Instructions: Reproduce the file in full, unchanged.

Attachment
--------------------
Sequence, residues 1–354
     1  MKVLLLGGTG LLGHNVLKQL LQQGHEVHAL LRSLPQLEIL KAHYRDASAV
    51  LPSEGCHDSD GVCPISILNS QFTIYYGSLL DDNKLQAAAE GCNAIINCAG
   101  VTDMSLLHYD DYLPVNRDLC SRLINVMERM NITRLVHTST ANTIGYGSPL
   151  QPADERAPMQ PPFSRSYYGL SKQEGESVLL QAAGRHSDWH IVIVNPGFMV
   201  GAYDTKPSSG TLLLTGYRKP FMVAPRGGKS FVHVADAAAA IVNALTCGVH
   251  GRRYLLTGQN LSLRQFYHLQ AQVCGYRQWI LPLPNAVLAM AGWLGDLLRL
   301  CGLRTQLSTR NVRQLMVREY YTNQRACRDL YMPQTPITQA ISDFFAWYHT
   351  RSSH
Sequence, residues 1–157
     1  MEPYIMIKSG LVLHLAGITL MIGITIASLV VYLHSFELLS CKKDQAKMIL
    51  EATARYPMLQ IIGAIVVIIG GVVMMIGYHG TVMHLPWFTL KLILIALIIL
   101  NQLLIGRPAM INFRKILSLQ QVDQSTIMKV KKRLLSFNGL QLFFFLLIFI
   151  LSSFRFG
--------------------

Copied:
Sequence, residues 1–354
     1  MKVLLLGGTG LLGHNVLKQL LQQGHEVHAL LRSLPQLEIL KAHYRDASAV
    51  LPSEGCHDSD GVCPISILNS QFTIYYGSLL DDNKLQAAAE GCNAIINCAG
   101  VTDMSLLHYD DYLPVNRDLC SRLINVMERM NITRLVHTST ANTIGYGSPL
   151  QPADERAPMQ PPFSRSYYGL SKQEGESVLL QAAGRHSDWH IVIVNPGFMV
   201  GAYDTKPSSG TLLLTGYRKP FMVAPRGGKS FVHVADAAAA IVNALTCGVH
   251  GRRYLLTGQN LSLRQFYHLQ AQVCGYRQWI LPLPNAVLAM AGWLGDLLRL
   301  CGLRTQLSTR NVRQLMVREY YTNQRACRDL YMPQTPITQA ISDFFAWYHT
   351  RSSH
Sequence, residues 1–157
     1  MEPYIMIKSG LVLHLAGITL MIGITIASLV VYLHSFELLS CKKDQAKMIL
    51  EATARYPMLQ IIGAIVVIIG GVVMMIGYHG TVMHLPWFTL KLILIALIIL
   101  NQLLIGRPAM INFRKILSLQ QVDQSTIMKV KKRLLSFNGL QLFFFLLIFI
   151  LSSFRFG